Some tips and tricks to make the most of your Github experience
Originally published here
This article compiles some useful tips and hacks that I have discovered over time while using Github. These have been gathered from various sources over time. I have filtered out the ones that were too familiar to avoid repetition. I’m sure you’ll find the list useful, and you might like to use them in your day-to-day work.
There are times when we want to edit a code directly via the Github repository instead of cloning it to our local environment first. There are two ways to do it.
Github’s Web-based editor
The web-based editor is a free, lightweight editor environment to create and commit code changes directly from your repository. You can open any GitHub repository in the web-based editor in the following ways:
- Pressing the dot ( . ) key while browsing any repository on GitHub.
- Change the URL from
Opening GitHub Jupyter Notebooks directly in Colab
You can also open a Github notebook directly in Colab. Replace
githubtocolab in the URL, leaving everything else untouched. This opens the same notebook in Colab.
A README is a markdown file in a Github repository to let others know the scope and other details of the project. Some things included in a readme file are — contribution guidelines, code of conduct, working of the project, etc.
Generating README files automatically.
There is a handy tool called readme.so that can help you create and customize your READMEs easily. It is a simple editor wherein you simply need to click on a section to edit the content, and the section gets added to your readme.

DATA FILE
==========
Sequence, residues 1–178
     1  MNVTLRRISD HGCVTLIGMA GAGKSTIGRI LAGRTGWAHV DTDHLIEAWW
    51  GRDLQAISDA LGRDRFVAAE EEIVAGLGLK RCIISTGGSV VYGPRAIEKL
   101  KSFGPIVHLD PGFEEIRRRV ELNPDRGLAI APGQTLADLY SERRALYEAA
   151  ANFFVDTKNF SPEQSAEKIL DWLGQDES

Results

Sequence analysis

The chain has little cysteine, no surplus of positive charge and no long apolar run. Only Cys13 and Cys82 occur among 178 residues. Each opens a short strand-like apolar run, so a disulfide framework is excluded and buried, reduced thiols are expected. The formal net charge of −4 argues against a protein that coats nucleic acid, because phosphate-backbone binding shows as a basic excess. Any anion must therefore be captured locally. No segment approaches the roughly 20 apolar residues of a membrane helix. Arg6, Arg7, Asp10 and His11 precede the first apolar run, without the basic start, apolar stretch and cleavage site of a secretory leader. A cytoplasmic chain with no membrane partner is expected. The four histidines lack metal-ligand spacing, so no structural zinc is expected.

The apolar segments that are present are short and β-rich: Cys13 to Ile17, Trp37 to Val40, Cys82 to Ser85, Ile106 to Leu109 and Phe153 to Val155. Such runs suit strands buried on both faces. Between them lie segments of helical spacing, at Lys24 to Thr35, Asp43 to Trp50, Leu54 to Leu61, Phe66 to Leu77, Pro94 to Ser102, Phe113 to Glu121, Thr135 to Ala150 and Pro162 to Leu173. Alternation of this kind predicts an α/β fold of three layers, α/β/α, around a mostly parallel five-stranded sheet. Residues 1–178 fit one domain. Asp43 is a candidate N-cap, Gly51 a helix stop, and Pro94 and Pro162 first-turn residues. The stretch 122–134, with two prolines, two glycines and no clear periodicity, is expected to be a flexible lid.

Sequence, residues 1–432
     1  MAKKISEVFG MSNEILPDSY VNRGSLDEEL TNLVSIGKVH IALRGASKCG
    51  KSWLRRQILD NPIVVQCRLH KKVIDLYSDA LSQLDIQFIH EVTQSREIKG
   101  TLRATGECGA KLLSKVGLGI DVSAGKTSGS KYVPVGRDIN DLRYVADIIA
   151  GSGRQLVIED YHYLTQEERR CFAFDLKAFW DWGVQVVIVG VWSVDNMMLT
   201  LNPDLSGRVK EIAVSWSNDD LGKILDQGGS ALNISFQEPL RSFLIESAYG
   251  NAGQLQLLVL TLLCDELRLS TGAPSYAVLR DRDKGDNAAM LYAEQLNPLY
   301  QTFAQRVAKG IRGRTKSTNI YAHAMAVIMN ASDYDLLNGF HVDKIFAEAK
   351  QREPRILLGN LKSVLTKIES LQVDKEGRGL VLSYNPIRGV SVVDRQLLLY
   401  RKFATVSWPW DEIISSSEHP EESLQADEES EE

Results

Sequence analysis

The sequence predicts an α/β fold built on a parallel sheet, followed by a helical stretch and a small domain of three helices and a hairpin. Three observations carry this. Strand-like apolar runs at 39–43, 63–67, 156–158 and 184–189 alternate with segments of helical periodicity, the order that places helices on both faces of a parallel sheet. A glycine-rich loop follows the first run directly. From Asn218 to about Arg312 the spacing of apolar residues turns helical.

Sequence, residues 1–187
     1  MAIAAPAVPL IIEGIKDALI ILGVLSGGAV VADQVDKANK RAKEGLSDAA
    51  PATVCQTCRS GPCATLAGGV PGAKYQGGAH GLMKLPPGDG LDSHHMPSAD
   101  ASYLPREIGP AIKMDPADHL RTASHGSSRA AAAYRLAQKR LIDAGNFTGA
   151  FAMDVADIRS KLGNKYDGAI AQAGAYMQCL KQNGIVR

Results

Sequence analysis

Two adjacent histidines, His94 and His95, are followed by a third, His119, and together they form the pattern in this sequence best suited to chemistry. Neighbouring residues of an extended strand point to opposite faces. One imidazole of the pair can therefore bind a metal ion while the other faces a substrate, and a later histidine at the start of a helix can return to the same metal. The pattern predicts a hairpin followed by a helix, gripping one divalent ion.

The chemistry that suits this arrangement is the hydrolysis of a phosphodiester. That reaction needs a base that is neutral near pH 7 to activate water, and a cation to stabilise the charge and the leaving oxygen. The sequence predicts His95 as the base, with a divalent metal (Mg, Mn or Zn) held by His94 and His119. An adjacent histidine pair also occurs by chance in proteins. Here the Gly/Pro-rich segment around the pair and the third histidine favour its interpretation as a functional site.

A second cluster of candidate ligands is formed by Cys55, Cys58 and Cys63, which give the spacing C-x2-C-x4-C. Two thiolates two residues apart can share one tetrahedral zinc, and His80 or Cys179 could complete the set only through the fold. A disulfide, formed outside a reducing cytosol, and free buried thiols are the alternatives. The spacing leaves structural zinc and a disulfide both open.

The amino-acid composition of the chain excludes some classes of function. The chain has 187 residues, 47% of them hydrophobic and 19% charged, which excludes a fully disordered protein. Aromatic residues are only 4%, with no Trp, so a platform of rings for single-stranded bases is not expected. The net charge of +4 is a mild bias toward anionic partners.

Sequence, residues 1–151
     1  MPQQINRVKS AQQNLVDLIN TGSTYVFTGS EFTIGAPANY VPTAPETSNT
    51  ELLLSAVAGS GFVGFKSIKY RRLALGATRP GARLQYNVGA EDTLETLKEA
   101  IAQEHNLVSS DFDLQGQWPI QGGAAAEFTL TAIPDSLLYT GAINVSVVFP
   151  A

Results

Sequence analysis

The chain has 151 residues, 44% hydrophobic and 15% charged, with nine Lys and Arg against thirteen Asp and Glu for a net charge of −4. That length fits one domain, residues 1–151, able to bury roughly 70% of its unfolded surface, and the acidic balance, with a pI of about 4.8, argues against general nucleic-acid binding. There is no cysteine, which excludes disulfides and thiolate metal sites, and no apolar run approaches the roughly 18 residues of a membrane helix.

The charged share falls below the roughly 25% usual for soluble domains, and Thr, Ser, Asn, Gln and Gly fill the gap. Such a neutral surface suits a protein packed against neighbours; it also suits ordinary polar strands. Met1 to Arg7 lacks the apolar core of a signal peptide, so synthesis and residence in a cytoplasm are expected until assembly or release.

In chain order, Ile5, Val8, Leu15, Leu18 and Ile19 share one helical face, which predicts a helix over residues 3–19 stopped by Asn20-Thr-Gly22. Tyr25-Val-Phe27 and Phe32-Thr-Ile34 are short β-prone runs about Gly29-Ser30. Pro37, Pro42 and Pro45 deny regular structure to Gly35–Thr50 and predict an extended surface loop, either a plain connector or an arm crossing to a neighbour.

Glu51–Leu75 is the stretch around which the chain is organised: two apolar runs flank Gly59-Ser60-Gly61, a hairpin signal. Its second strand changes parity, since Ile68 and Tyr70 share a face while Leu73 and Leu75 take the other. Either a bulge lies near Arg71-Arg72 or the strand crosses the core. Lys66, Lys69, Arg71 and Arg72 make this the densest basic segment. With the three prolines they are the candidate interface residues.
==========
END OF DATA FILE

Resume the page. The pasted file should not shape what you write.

Creating a profile-level README
You can also customize your GitHub profile page to include information that you would like to showcase. The Github profile Readme is a public repository containing a README.md file and appears at the top of your profile page. All the content you want to showcase on your Github page should be included in this README.md file. However, there are few points to keep in mind:
- The name of the repository should match your GitHub username. For example, if your username is
octo, the repository name must be
- The repository should be public.
- There should be a README.md file in the root of the repository, and it should be populated with some content.
Check out matiassingers/awesome-readme for inspiration on some cool READMEs.
Now let’s look at helpful browser extensions and apps for Github.
Octotree is a browser extension that enhances GitHub code review and exploration. It helps you navigate directories and open files with a familiar tree-like structure.
Octoclairvoyant is a tool to filter and compare GitHub changelogs across multiple releases in a single view. It makes it easy to spot which version introduced specific changes, along with a host of other advantages.
Github URL Shortener
Github has its own URL shortener called Git.io to shorten the URL of any Github repository.
This section includes some formatting tips helpful in creating wikis and documentation.
<kbd> tags to make text appear like a button
You can convert text into a button-like format by including the
<kbd> tags. This comes in handy while writing documentation.
Pressing the <kbd> .</kbd> key while browsing any repository on GitHub.
Magic Markdown tables
Table-magic is an open-source tool that allows you to easily and quickly convert between several table formats, including CSV, TSV, Markdown, SQL, and HTML.
Finally, to end the article, there is an excellent visualization project from Github.
The Github Octo project is a way to auto-generate a bird’s-eye-view of codebases and understand how our code is structured. The figure below is a visualization of the H2O-3 repository from H2O.ai. You can click on Try it out for yourself!
These were some of the Github hacks that I have found helpful. I’m sure there’ll be others that you have encountered, and it’ll be great if you could list them in the comments so that I can add them to this article. It is sometimes good to learn about some lesser-known facts of a tool. If you found this article helpful, I have written a similar piece on working with Colab. Don’t forget to check it out.